Offer the intriguing or mysterious setting, create the right mood, allude to the theme or conflict, surprise the reader with casting him/her into the middle of an action. This is one of the features that literature and movies have in common: both of them have to capture and keep attention, both need a proper hook.

What is a hook in an essay?

As you know, each kind of essay starts with the introduction of presenting a topic and posing a statement. However, the statement should be presented in a logical manner; that is why it is usually preceded by a few generalized sentences. These sentences are your hook. A pitfall here is that you may ponder on the hook words for essays for hours while generating the essay body in your mind. Therefore, get down to business: write the essay body first and then work on the hook. Having the framework in front of you eases the construction of the lacking essay parts. That is an effective “recipe” for many writers.

how to hook readers

Not only the first sentences but also the last ones may serve as a hook for your essay. Introduce the closing hooks for essays through posing a controversial or tricky question, intriguing with unusual outlook, presenting the generally known facts as brand new ones. In short, get your audience really interested. A conclusion usually echoes the intro part, so if your essay is framed by hooks, you hit the target.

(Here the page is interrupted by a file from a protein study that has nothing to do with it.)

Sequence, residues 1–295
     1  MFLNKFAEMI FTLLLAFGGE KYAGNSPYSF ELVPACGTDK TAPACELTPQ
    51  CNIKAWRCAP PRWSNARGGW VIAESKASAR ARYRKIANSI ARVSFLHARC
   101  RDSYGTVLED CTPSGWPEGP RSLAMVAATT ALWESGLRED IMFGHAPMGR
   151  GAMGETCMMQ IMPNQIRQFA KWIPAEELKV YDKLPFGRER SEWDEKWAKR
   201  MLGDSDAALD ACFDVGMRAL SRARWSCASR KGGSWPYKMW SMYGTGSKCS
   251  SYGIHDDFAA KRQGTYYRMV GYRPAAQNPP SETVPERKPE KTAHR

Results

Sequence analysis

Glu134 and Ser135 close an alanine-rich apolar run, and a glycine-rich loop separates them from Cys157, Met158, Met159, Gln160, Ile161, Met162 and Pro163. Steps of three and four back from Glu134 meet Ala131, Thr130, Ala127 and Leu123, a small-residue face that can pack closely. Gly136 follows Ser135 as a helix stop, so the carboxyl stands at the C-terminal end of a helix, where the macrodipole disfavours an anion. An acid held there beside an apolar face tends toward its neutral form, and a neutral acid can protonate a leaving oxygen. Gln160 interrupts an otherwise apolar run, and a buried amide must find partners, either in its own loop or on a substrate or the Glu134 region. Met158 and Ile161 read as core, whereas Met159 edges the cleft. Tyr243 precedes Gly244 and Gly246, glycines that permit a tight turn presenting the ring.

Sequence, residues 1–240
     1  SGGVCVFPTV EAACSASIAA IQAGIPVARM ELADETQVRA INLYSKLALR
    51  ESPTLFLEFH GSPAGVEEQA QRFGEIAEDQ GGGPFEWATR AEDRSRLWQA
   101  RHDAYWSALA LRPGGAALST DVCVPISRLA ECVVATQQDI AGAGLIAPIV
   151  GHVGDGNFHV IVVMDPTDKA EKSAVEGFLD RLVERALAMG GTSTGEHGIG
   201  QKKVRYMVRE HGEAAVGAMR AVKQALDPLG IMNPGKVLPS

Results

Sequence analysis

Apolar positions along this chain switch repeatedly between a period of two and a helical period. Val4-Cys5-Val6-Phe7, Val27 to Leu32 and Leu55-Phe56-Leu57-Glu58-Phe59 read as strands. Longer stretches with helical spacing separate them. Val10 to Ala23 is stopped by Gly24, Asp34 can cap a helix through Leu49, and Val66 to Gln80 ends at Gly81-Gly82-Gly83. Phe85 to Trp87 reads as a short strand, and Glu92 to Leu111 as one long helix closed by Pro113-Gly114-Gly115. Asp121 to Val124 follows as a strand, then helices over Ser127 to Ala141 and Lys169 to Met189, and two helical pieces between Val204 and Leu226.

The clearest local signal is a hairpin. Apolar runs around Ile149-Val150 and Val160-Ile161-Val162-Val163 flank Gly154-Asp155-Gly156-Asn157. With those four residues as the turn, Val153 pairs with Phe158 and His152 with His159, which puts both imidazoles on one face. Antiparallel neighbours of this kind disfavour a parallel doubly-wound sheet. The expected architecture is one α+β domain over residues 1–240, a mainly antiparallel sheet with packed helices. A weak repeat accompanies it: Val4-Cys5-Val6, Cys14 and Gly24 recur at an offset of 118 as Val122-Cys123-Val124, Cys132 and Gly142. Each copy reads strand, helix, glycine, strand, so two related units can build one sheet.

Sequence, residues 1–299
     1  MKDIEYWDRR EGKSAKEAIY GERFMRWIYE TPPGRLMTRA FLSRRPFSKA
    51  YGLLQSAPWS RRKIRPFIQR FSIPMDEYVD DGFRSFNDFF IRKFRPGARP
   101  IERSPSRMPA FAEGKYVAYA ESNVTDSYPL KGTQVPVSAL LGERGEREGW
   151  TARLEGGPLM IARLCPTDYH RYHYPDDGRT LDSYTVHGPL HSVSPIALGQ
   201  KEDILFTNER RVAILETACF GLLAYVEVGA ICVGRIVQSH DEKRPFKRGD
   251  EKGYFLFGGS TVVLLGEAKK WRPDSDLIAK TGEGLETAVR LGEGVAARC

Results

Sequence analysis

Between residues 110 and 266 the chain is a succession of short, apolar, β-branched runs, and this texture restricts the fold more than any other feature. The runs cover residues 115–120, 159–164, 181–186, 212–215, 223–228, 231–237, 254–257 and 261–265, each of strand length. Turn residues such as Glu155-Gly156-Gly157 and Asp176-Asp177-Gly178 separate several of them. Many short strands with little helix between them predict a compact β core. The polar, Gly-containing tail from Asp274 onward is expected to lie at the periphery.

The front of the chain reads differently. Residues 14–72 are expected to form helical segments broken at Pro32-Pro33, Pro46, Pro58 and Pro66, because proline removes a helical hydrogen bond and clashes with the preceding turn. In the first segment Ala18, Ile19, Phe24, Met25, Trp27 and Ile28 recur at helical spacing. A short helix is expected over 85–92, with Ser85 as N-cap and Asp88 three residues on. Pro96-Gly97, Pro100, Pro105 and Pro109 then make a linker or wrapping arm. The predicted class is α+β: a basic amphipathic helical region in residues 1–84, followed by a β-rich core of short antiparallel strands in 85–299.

How to write a hook?

Well, knowing how to use essay hooks is undoubtedly a must for every writer. Below there are some tips that will help you write effective hooks for all essay types. Consider different kinds of hooks and choose the optimal one for writing either an introduction or a conclusion. Since it’s the introduction that goes first, let us start off with hook introduction examples.

13 of them – the sacred number – with examples are offered below, as well as several more hook ideas are offered in our blog post about intros and conclusions for the essays.

1. Quote of a well-known person